• The importance of rural African-American communities in southern Ohio in the abolitionist and underground railroad network can not be over emphasized. The Gist Settlements in Brown and Highland Counties Paynes Crossing, Ohio Pokepatch, Ohio Blackfork, Ohio Berlin Cross Roads, Ohio Pee Pee Settlement Stillguest Settlement Hicks Settlement Abram Depp Settlement Guinea Settlement Huston Hollow Carrs Run And Straight Creek Settlements And, We would like to add to the list: © The Mary L. Cook Public Library, 2007
  • Harveysburg (1828) and Canbytown, Ohio The area around the future Harveysburg was settled early in the 19th century. The early community circled around Rhoden Ham ’s cabin and his farm atop a tall ridge overlooking the east bank of Caesar’s Creek . The area was abounding in rich virgin land, which only needed hard work to turn into productive farms. Also, nearby along the bluff overlooking the creek, were numerous mineral springs that ran down to the creek and many caves along Harveysburg Hill. Caesar’s Creek would lend itself to the establishment of mills: one group southwest of the town was built originally by Levi Lukens , another mill was at the foot of the town itself, and there was one at New Baltimore, which was located northwest of the town on a curve in the creek. It would later be renamed Canbytown after Joshua Canby who was the owner of the mill in 1835 and conducted a very successful business there. The mill provided jobs for freedmen who lived in the area. Also close by was the Caesar’s Creek Monthly Meeting of Friends . Canbytown, which is now under the water of Caesar’s Creek Lake was just a mile or so beyond the Quaker Meeting down in a ravine known as Brimstone Valley now underwater. There was indeed an arc of African-American communities reaching from Crosswick north of Waynesville, to Canbytown directly north of Harveysburg and Harveysburg itself, and then on into Chester Township of Clinton Co., Ohio. The committee believes that these communities of freedmen and women were in these locales because the areas north of the Wilmington and Springboro Road (now Rte. 73) was quite remote and so provided greater protection to African-Americans. © The Mary L. Cook Public Library, 2007
    • Harveysburg was a remarkably integrated community before the Civil War . This should not be too surprising considering that the founder of the town was the son of UGRR conductor Isaac Harvey and abolitionist Lydia Dicks ( Dix ) Harvey . Harveysburg had a large and strong black/mulatto community living in the northern section of the village and just outside of it:
    • The Black School established by Elizabeth Burgess Harvey was built just outside the original boundary of the village on the north side (Out Lot #2) during the early 1830s.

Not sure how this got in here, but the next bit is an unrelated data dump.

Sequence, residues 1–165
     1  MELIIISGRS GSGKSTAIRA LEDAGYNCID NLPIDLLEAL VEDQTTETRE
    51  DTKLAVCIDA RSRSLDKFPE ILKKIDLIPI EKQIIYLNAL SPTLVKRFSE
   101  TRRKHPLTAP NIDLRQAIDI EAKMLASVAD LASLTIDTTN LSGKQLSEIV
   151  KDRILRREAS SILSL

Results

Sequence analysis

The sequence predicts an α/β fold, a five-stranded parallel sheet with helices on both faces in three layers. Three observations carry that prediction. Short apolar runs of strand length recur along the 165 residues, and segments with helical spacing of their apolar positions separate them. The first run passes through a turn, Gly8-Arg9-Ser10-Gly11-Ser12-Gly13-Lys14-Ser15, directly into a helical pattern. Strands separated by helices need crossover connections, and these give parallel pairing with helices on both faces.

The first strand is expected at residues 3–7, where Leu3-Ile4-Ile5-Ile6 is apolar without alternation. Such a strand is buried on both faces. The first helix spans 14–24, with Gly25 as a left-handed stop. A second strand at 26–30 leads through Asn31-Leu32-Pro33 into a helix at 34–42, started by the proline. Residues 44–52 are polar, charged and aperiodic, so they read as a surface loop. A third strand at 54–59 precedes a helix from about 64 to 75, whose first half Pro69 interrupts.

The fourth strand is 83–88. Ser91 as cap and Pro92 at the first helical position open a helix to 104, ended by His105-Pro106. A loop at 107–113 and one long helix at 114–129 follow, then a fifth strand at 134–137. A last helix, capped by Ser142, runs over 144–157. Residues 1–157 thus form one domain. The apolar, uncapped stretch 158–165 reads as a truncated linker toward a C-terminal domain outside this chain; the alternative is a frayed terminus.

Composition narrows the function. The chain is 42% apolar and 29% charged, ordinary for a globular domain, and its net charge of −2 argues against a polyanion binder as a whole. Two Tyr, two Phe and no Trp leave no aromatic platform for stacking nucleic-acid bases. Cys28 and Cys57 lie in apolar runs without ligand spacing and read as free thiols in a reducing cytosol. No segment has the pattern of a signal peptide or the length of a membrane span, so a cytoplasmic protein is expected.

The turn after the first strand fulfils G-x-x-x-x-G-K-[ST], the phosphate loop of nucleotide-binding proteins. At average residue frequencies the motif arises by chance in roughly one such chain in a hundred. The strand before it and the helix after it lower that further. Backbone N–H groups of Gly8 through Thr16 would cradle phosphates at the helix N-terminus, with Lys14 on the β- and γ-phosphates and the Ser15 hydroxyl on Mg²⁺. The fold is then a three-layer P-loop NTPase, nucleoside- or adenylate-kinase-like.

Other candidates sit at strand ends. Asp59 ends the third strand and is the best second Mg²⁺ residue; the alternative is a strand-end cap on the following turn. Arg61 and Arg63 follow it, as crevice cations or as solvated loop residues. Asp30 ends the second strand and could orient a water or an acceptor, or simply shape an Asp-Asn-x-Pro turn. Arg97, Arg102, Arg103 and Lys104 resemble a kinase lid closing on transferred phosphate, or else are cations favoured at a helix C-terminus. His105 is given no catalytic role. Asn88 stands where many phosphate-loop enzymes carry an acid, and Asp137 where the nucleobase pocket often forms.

• On Lot 66 in the village, the Colored Methodist Episcopal Church was founded in 1846.
    • Antioch Chapel of the Anti-Slavery Colored Baptist Church of Harveysburg was founded on January 13, 1862. The trustees of this organization were: Henry Wiggins , Charlott Dudley , Sarah Brantley , Nancy A. Dawson , and Mahala Brantly were elected trustees and John Dodson was elected clerk. The exact location is not clear although it is most likely that this Anti-Slavery Colored Baptist Church developed into the Zion Baptist Church (see below). One of the concerns of Anti-Slavery societies was to promote Anti-Slavery churches to provide moral suasion for the movement.
    • On Lot 64 was located Zion Baptist Church , an African American Church. It was built using the old materials from the Harveysburg Academy founded by Dr. Jesse Harvey . Zion Baptist Church was rebuilt on the same site of the first academy. The cemetery of the Zion Baptist Church is located outside of the village across Rte. 73 in Fifty Springs Picnic Area of Caesar’s Creek State Park . The Black School was located behind (north of) the Academy / Zion Baptist Church building outside of the village limit.
    • In 1872 the Corner Stone Lodge #7 Masonic Lodge ( Prince Hall ) was established and built on Lot 68.
    © The Mary L. Cook Public Library, 2007
  • The relationship between African-Americans and white people in Harveysburg was usually very good. Indeed, evidence seems to indicate that the Friends and other anti-slavery persons in the village and the Black community worked together to promote anti-slavery and possibly helped each other on the Underground Railroad . The legend about Harveysburg is that once a fugitive slave got to Harveysburg, s/he could walk on the streets in daylight since almost everyone (black and white) was a strong abolitionist if not a conductor on the Underground Railroad . If any danger arose in Harveysburg itself, the fugitive could be quickly taken north to more remote locales such as the northern part of Chester Township, Clinton Co. Pro-slavery sympathizers did live in and near Harveysburg. © The Mary L. Cook Public Library, 2007
  • © The Mary L. Cook Public Library, 2007 Crosswick
  • The Black School in Harveysburg ~ founded in 1831 by Elizabeth Burgess Harvey © The Mary L. Cook Public Library, 2007